Kray, Roberta - 'Nothing But Trouble'
Harry Lind and his partner Mac, both ex-cops have relocated their PI business from the West End to Kellston in the East End of London, where rents are cheaper. Before the offices are officially open for business Harry gets a visit from investigative journalist Jess Vaughan - someone he hasn't seen for a number of years. Jess tells him that her friend Sam was one of the five girls involved in the incident fourteen years ago, when Minnie Bright was killed. Donald Peck was convicted of the crime and went to prison where he later hanged himself. Jess was interested in doing a piece on the effects of crime on those, as it were, left behind. Although one of the girls is now dead, the others had initially been keen to be part of the story, but now they have pulled out, and Sam has had her tyres slashed and received anonymous death threats. Harry is sceptical - he had worked on the original case and can envisage no reason why anyone would be concerned about a story on the case, but agrees reluctantly to speak with Sam. Meanwhile he has another 'paying' client - a man who wants his wife watched.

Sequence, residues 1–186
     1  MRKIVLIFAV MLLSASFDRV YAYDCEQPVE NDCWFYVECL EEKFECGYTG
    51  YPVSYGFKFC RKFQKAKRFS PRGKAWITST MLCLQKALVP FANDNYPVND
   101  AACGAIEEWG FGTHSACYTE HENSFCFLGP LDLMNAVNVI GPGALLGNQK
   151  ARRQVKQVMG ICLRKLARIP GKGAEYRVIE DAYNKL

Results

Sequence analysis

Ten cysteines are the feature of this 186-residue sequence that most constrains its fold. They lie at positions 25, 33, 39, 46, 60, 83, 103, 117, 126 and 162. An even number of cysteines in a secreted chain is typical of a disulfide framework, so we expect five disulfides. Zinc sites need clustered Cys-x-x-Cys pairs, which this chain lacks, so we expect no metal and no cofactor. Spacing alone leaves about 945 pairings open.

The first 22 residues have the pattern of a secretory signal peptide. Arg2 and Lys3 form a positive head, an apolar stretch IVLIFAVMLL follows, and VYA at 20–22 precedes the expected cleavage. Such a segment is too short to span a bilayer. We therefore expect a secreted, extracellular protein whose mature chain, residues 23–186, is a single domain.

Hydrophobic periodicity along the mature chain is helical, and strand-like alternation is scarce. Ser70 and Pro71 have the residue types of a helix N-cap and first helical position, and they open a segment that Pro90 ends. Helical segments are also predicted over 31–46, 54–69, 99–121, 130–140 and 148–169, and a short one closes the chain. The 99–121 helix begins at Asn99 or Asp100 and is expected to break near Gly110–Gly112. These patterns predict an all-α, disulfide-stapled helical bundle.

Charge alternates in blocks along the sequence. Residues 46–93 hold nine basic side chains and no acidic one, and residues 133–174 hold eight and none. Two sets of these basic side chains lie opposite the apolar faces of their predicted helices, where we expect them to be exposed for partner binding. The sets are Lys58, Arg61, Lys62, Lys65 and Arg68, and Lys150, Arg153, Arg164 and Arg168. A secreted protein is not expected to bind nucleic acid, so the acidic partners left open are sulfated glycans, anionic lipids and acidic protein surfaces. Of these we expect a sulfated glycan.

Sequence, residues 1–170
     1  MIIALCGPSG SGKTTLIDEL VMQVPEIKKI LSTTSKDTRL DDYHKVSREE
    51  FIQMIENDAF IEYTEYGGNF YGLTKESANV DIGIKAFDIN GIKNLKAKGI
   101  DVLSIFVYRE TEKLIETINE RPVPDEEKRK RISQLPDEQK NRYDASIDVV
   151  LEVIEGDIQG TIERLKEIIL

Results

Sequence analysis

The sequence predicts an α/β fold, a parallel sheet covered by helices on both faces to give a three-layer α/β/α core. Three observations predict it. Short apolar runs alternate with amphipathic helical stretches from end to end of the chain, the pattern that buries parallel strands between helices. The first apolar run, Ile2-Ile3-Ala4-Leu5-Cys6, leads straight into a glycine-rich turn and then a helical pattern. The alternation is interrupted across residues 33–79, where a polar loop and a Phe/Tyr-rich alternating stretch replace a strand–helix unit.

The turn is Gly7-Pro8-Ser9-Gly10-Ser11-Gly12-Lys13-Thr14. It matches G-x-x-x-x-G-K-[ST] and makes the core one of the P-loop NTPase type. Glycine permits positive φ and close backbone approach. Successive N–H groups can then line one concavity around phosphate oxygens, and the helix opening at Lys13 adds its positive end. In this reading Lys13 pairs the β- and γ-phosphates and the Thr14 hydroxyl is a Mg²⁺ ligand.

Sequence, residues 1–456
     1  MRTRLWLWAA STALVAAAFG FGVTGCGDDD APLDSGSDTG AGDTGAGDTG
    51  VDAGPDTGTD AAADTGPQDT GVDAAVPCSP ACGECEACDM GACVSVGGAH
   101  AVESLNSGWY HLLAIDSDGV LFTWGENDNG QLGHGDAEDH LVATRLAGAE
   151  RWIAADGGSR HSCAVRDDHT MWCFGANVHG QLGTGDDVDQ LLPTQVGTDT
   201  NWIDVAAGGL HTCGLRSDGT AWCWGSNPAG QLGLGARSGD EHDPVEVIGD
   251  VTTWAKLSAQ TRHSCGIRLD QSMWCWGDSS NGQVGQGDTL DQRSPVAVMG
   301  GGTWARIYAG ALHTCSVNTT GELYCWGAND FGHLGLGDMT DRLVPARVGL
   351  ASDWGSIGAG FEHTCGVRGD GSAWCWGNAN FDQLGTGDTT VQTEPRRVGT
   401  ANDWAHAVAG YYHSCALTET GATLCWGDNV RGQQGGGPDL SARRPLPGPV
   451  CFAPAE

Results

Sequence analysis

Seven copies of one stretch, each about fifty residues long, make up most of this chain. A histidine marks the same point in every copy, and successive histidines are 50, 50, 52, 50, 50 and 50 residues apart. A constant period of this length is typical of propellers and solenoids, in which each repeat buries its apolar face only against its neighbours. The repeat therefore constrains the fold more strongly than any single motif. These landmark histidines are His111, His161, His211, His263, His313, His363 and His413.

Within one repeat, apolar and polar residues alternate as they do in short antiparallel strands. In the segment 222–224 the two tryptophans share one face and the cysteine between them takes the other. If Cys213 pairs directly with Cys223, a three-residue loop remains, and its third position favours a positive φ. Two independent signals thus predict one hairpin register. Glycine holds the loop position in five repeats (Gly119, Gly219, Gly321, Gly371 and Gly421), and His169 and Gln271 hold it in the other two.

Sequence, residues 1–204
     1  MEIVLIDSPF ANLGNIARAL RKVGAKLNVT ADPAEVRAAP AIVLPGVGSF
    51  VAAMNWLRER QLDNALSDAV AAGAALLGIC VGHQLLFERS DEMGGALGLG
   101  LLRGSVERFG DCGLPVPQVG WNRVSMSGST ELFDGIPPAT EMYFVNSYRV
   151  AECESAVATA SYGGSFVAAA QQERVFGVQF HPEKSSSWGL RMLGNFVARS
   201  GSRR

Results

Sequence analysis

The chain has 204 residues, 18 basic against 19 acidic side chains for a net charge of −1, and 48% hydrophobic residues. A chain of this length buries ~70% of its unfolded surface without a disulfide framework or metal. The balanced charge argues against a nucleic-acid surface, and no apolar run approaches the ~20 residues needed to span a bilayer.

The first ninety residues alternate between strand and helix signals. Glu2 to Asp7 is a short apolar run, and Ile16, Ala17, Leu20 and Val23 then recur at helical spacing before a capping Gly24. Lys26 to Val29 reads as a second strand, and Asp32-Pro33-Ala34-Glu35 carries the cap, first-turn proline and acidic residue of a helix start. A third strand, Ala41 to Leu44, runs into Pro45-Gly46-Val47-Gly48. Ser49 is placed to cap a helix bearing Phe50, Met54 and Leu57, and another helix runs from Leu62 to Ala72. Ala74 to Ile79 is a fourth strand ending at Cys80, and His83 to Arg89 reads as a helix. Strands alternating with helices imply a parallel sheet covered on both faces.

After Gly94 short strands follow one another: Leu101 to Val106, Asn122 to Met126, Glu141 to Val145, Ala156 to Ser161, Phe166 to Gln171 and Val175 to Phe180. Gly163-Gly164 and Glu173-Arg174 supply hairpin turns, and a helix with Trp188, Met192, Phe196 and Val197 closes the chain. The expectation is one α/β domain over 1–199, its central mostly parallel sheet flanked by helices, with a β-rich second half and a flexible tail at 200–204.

The story is multi-layered, as Harry gets drawn into both the death of ten-year-old Minnie Bright following a related murder, and the beautiful Aimee Locke, a possible cheating wife.
Rich in characters - Harry Lind and his ex-wife DI Valerie Lind, who while divorced don't seem to have actually severed the ties that binds; Jessica Vaughan, who is in a relationship with Neil, but how deep does it go? The fall-out from that fateful day fourteen years ago, which has left its mark on all the girls for different reasons. I could not put this book down and although it is 500+ pages, I read it in one sitting. There was no way I could go and do something else until I knew the outcome.
Utterly gripping the story moves at a cracking pace. The story is told from multiple points of view, and as the layers of deceit are stripped away the truth eventually surfaces with many surprises, and heart in the mouth, edge of your seat situations. This book is highly recommended.
Lizzie Hayes, England